03 Dec Why options can be detours off the long and narrow road of success
Choice is a tricky beast. On the one hand it gives customers the freedom to evaluate and select items that they find suitable for their needs, on the other it can be overwhelming and lead to poor or inefficient decision-making.
As a business, it is essential to ensure your range of products or services is balanced between:
1. offering choice
2. reducing confusion.
Offering too wide a range can be costly because it means you need to keep a broad inventory of items that you’re not sure will sell or it may force you to offer services that you may not like as much as, or be skilled at, compared to your core business.
Out of range
Consider this famous study by Professor Sheena Iyengar, who researches decision-making at Columbia Business School. As part of her studies at Stanford University, Iyengar devised an experiment to find out whether having more choice led to increased sales. Outside a supermarket in California, she set up a tasting table with a range of jams. On some days she and her research assistants offered a choice of six jams for customers to try; on others they offered 24.
The results showed that shoppers were more likely to stop when offered a choice of 24 flavours with 60% stopping with more flavours on offer versus 40% when there were only six jams to try. However, customers were more likely to purchase when offered fewer choices. Of the customers who stopped when there were six jams on offer, 30% made a purchase; when 24 jams were on offer only 3% made a purchase.
Iyengar concluded that it is easier to make decisions when there are fewer choices, and that affects the sales conversion rate. In a nutshell, having fewer choices on offer makes the sales process more efficient and effective. Not only would the jam business save money on samples, it would also increase its conversion rate with that smaller range.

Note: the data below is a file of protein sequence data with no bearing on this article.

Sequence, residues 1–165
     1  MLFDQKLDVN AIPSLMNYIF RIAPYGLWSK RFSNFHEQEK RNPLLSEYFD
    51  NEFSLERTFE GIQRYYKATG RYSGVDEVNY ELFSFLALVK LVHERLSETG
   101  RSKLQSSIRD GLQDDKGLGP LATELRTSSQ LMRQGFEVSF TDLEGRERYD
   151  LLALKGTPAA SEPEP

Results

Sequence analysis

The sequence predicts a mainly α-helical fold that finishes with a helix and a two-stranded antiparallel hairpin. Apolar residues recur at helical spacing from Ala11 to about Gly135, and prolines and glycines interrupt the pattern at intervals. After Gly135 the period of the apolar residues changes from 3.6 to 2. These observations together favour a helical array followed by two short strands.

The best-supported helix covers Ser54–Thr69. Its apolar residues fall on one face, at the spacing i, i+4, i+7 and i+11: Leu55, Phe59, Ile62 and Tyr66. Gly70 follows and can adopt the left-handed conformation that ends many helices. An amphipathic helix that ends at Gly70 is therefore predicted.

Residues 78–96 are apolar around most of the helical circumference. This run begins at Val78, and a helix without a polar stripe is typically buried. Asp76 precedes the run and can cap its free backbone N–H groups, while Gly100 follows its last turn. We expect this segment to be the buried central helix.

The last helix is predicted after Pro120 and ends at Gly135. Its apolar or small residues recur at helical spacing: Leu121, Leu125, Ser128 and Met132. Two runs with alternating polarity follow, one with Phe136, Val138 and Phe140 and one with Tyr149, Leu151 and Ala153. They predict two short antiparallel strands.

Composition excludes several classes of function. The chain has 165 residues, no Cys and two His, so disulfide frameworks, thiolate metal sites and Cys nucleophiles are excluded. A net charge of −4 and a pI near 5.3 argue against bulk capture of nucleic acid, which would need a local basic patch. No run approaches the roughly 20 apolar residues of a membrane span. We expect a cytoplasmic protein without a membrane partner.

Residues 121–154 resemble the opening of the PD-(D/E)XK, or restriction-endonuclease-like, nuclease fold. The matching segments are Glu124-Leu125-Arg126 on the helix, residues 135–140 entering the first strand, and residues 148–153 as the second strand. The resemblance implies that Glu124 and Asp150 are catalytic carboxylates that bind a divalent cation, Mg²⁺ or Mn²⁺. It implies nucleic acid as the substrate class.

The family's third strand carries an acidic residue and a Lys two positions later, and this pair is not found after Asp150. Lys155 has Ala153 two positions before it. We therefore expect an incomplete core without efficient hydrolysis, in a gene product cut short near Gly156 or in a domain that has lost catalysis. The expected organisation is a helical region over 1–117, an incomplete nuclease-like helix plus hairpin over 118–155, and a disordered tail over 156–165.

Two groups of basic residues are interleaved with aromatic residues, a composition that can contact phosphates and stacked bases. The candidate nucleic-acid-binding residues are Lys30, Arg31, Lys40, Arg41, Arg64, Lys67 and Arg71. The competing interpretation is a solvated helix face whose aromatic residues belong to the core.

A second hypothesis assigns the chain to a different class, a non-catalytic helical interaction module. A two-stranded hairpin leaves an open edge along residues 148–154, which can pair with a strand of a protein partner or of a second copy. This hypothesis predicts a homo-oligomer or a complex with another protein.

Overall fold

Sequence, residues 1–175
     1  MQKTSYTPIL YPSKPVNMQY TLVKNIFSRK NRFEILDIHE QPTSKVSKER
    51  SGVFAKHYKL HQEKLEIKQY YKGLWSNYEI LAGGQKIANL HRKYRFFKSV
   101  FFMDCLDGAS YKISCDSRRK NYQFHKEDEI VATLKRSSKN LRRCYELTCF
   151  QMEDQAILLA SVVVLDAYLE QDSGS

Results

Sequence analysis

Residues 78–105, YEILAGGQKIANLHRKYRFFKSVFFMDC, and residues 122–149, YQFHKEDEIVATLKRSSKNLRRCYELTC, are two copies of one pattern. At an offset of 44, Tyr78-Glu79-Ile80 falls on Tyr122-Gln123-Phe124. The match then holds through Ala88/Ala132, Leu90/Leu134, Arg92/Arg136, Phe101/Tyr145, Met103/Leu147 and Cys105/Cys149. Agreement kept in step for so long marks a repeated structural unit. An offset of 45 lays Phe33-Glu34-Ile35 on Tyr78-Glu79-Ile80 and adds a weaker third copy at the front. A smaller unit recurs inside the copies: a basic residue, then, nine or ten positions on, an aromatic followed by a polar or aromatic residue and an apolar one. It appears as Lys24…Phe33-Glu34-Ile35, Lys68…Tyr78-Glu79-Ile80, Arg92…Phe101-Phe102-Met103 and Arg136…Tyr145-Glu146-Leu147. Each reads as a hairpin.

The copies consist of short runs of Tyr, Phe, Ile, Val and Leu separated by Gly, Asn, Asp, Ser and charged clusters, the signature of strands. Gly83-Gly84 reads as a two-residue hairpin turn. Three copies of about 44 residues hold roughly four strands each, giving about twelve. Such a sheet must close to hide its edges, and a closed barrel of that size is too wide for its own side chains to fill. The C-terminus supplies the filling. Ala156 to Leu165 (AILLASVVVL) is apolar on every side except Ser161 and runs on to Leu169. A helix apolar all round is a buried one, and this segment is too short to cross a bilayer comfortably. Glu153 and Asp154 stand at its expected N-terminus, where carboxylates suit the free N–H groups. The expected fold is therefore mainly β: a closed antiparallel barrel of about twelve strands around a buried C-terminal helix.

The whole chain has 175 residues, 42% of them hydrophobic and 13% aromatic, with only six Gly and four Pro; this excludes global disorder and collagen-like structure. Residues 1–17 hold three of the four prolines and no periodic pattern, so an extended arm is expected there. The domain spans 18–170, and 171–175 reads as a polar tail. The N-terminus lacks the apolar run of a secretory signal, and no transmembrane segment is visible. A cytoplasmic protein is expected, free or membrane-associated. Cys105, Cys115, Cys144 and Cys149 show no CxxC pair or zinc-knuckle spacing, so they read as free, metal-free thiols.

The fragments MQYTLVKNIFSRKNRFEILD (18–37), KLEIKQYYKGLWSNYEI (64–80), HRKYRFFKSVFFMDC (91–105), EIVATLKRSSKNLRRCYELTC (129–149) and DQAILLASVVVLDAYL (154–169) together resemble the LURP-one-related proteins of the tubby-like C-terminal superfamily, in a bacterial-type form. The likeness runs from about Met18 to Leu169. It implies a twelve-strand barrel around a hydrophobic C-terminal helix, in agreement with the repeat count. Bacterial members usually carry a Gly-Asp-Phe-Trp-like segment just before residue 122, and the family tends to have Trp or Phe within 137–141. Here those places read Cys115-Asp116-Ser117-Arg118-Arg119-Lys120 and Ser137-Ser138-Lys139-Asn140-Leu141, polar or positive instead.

Similarly, when you give customers too many choices, it overwhelms them and that leads to fewer sales due to ‘decision fatigue’. Being paralysed by selection is not the best frame of mind in which to make a sound decision; in fact psychologist Barry Schwartz, author of The Paradox of Choice, says those who have made a decision after being given a wider choice are usually unhappy with their decision because they feel they have missed more opportunities.
How to focus your offering
When you’re a small business it’s tempting to want to be everything to everyone so you can capture all the potential customers. What this actually does is dilute your business.
The more choice you offer, the bigger the risk of distracting potential clients from your business’ core strengths. Once this happens, it also becomes more difficult to market your business around a central product or service. To focus your offering, evaluate the types of products and/or services you believe are the most beneficial and most attractive to clients and develop these. This will allow you to focus on what you’re good at and help you target your ideal audience for marketing campaigns.
If you find your business does have a lot to offer and you’re afraid to cut down on the choices, consider packaging those choices. This makes it’s easier for customers to pick a bundle rather than make a number of smaller buying decisions. Phone companies do this when combining mobile handsets with call minutes and data; often you’ll see a ‘basic’ plan, a ‘best value’ plan and a ‘high use’ plan. Packaging will again require you to identify the most beneficial, most attractive options for potential clients.
Reducing the number of choices on offer makes it easier for customers to buy from you. Making that process easier simply leads to quicker decisions and more sales.